Prepare the apparatus (809C for mice; 806D for rats) of the 1300A/1305A system by affixing the knee clamp to the animal/limb platform and place the animal in the supine position. If you are using isofluorane, then ensure the nose of the animal is securely in the nose cone so it remains at a sufficient depth of anesthesia. You may need to secure the nose cone to the plate with some tape. Now we can begin to secure the animal in the apparatus. Secure the leg by using one of our U-shaped knee clamps. The clamp will be most effective with the pad positioned slightly distal to the patella on a fleshy portion of the upper compartment of the limb. Ensure proper stabilization by pulling and pushing on the lower leg, any compliance in this area will affect torque measurements later on. Once the leg is secure, place the animal’s foot in the footplate attached to the dual-mode motor with the heel set in the groove and the toes firmly planted. Secure the foot to the pedal by using some thin strips of adhesive tape. Use more than one strip and attempt to tape around the ankle and toes of the animal. During this step you will find it helpful to keep the foot pressed against the pedal by holding it in place with the forceps whilst applying the tape.
At this point if you have not turned on your heating lamp or circulator, you must remember to do it now. Failure to do so may result in the animal being unable to maintain its normal body temperature which will greatly affect normal physiological function. If the animal is cold, this will affect the contractile torque measured (greatly reduced) and may even result in the animal being removed from the study.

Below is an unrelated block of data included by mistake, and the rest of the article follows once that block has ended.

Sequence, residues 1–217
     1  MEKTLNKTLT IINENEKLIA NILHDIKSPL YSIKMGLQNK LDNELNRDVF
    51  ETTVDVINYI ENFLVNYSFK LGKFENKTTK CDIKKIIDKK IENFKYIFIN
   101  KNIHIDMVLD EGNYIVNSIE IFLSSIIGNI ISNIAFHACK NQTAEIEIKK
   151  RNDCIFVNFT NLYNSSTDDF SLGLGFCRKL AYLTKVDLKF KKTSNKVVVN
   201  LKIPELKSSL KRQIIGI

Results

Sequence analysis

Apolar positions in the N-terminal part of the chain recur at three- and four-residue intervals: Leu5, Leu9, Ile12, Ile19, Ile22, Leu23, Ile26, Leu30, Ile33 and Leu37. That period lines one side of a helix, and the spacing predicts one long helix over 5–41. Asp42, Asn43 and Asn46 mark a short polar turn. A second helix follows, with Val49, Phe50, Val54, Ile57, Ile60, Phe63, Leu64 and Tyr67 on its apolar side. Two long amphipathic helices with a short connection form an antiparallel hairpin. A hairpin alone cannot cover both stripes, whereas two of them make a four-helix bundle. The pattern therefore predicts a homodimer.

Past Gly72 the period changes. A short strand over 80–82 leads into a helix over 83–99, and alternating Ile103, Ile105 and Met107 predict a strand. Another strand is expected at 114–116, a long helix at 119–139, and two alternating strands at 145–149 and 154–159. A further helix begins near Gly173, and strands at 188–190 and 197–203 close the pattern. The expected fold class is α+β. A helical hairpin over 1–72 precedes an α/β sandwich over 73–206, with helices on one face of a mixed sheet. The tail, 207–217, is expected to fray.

Adjust the position of the leg and the foot by using the micro-positioners mounted to the apparatus which control the position of the dual-mode lever system. The foot should be aligned orthogonally to the tibia at 90°. You should also adjust the position of the leg relative to the body of the animal by adjusting the x-axis of the micro-positioner. Adjust its position until you are able to ensure there is a straight line from the point of the knee to the point of foot pedal when you look at the leg from a side and bird’s eye view as shown in the photos above.
Place both needle electrodes subcutaneously near the peroneal nerve if you plan to measure dorsiflexion (TA/EDL) or near the Tibial nerve for plantarflexion (Gastrocnemius/Soleus). For direct muscle stimulation (to remove nerve or NMJ effects) vertically place the electrodes subcutaneously near the mid-belly of anterior compartment of the leg for dorsiflexion or the posterior compartment for plantarflexion. This is the most challenging part of the procedure as it requires some ability to landmark accurately without actually being able to observe the nerve/muscle. Complicating matters is the fact that in order to make a good measurement of torque, it is essential to avoid stimulating the antagonistic group of muscles (co-contraction). There are a few strategies to avoid co-contraction and will help with making a consistent measurement.